Rick: Do you have any favorite memories from your time there?
Mary: Working with Bob Collins was a great experience. He was hard to get to know at first, but I found him to be a very compassionate and generous man. Whenever he went out-of-the country, his wife Christine would pick us out very thoughtful gifts. I once got a silk jewelry case from China, which I cherish to this day. I'd have to say though... my all-time favorite memories are the early morning "meetings" with Spike, Andrea, and Jim Wiser (photo: Andrea and Mary). We rarely discussed what we were going to do on the show because Spike always had us cracking-up about something he usually found on YouTube or Sky-Cam....or he had some new gadget to try out on us. His homemade beef jerky helped us wake up in the morning!
Rick: Before you started at WGN you were predominantly a news anchor. You're a broadcast journalism major from the University of Illinois, if I'm not mistaken. (I never miss a chance to mention that). Talk about the difference between doing news and traffic, and which one do you prefer?
Mary: My plan was to continue with news and possibly head toward TV, but as most of us know...having kids changes everything! In between maternity leaves, I was having trouble finding a news job and a friend of mine, Jim Sharp at Metro Traffic needed a traffic reporter FAST since they were acquiring a new station - WSCR, the Score. I had no clue how to do traffic, but I was trained rather quickly and started within a week. I love anchoring both news and traffic, but I was not a very good news reporter - I always hated the idea of shoving microphones in people's faces for quick interviews. At least with traffic, you don't have to do that...but you do have to deal with irate listeners calling to complain about traffic jams! I guess if you ask which one I prefer...it's neither one...I'd much rather be doing full-time voice-over work or even co-hosting a show...WOW...I guess I have goals after all.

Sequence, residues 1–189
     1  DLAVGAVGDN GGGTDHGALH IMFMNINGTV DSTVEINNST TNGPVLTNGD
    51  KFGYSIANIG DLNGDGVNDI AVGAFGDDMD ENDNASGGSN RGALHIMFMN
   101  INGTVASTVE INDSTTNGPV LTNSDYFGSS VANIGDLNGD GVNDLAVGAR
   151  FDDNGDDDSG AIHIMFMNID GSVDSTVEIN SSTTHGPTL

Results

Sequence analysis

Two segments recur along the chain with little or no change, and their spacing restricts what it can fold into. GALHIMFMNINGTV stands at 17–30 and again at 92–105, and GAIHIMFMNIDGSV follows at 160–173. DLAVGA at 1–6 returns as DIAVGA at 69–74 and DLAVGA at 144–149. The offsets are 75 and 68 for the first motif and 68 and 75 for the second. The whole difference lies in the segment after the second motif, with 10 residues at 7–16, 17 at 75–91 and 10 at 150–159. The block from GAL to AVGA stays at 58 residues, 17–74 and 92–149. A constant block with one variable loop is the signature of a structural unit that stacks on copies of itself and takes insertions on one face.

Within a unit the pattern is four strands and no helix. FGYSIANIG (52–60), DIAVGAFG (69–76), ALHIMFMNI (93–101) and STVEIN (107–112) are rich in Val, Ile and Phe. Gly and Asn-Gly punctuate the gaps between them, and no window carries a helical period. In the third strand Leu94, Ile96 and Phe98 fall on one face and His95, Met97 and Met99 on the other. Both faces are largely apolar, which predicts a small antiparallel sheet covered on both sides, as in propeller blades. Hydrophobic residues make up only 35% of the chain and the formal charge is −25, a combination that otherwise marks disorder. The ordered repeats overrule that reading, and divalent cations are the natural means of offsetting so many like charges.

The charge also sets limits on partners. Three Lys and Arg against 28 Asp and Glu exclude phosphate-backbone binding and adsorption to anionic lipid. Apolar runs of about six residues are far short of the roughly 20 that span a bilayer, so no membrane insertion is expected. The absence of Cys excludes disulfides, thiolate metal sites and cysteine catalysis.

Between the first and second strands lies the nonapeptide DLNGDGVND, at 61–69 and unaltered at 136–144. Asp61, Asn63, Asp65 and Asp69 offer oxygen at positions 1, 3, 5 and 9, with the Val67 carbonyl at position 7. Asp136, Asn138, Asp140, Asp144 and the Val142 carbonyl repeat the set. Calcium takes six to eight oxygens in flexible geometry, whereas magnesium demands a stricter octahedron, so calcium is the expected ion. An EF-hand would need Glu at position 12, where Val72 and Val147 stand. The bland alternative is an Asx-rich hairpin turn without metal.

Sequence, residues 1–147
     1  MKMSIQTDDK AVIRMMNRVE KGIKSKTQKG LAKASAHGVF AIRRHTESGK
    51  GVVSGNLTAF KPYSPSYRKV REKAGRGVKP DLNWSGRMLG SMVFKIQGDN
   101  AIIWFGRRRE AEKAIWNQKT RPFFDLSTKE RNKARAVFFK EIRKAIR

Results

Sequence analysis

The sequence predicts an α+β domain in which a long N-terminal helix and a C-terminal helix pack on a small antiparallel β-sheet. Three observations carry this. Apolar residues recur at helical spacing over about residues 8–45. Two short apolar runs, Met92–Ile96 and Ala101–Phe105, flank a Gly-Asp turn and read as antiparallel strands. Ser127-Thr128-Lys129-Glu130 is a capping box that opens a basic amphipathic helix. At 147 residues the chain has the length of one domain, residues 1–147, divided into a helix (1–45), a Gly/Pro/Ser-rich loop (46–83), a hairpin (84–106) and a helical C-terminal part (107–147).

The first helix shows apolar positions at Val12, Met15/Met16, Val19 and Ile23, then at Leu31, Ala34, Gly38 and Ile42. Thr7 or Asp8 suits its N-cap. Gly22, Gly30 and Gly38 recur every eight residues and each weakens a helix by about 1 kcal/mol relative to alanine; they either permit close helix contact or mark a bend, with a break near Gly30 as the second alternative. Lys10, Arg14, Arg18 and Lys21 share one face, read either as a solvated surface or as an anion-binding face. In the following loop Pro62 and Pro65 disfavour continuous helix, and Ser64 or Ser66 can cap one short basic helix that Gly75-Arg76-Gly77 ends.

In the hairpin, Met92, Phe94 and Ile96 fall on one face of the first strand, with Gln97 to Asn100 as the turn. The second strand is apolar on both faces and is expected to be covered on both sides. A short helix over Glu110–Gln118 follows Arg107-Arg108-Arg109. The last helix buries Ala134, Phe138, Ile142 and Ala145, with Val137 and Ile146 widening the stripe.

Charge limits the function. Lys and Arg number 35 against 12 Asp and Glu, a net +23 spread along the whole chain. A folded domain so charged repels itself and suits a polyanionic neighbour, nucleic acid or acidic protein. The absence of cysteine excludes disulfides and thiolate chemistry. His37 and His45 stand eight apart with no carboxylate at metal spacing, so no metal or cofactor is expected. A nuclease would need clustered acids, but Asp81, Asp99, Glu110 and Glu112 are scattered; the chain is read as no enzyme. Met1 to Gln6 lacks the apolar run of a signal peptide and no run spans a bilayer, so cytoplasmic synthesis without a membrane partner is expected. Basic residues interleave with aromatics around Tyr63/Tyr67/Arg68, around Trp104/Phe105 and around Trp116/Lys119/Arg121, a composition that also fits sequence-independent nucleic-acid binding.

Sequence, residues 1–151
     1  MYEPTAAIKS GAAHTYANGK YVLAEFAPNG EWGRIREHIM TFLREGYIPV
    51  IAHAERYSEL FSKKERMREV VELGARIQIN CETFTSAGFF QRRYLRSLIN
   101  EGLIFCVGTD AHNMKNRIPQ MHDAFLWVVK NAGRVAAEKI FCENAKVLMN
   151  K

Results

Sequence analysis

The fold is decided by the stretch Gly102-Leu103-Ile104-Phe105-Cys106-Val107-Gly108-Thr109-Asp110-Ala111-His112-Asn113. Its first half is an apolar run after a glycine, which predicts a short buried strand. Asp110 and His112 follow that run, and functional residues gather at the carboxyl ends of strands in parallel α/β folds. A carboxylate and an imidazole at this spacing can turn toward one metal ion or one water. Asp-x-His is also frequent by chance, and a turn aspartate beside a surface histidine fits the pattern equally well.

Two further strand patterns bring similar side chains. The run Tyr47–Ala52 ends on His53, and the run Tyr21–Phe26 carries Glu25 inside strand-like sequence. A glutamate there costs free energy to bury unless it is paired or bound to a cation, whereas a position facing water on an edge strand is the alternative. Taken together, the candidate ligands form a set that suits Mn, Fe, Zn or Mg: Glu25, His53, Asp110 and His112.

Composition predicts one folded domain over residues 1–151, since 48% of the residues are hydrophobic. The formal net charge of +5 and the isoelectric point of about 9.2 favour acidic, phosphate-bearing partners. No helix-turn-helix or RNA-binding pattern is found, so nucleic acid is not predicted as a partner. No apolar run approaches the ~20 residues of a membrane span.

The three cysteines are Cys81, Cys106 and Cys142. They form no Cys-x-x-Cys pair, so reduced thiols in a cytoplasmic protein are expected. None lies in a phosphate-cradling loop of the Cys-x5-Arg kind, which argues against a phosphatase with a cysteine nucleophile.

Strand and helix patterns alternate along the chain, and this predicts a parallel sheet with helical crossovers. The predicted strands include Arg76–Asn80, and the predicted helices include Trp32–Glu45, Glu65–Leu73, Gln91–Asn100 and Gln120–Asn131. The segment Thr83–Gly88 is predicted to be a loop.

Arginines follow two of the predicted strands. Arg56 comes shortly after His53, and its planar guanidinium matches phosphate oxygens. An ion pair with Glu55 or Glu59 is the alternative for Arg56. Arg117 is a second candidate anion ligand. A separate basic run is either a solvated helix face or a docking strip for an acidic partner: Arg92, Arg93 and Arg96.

Rick: You really worked your way up the traditional way, by starting in small markets and working up to the bigger markets. I love hearing some of those small market radio stories. Want to share a few of your favorites?
Mary: I guess my favorite story is that I met my husband at my first radio job in the northwoods of Washburn, Wisconsin at WBWA. There were only two other women working at that station - the receptionist in leather and an older saleswoman....so when I got the job, I had three dates the first week. Of course, none of those dates was with my future husband (he waited two years to ask me out!). The only thing to do up there was go to a bar since the nearest theater was about 15 miles away, so it was quite different for a Chicago girl just out of U of I! More humor from a station I worked at in the Quad Cities - KSTT/ WXLP. When I left, the station was moving into a mausoleum and they wanted to put the newsroom in the crematory closet...nice!
Rick: A lot of people are concerned about the future of radio. Are you one of them?
Mary: No, I'm not that concerned...I think there will always be a place for radio. People want up-to-the-minute local information and they won't always get that from satellite radio or their I-Pod. Talk-Radio is always entertaining and I think listeners identify with certain personalities. It's kind of like a reality show on radio.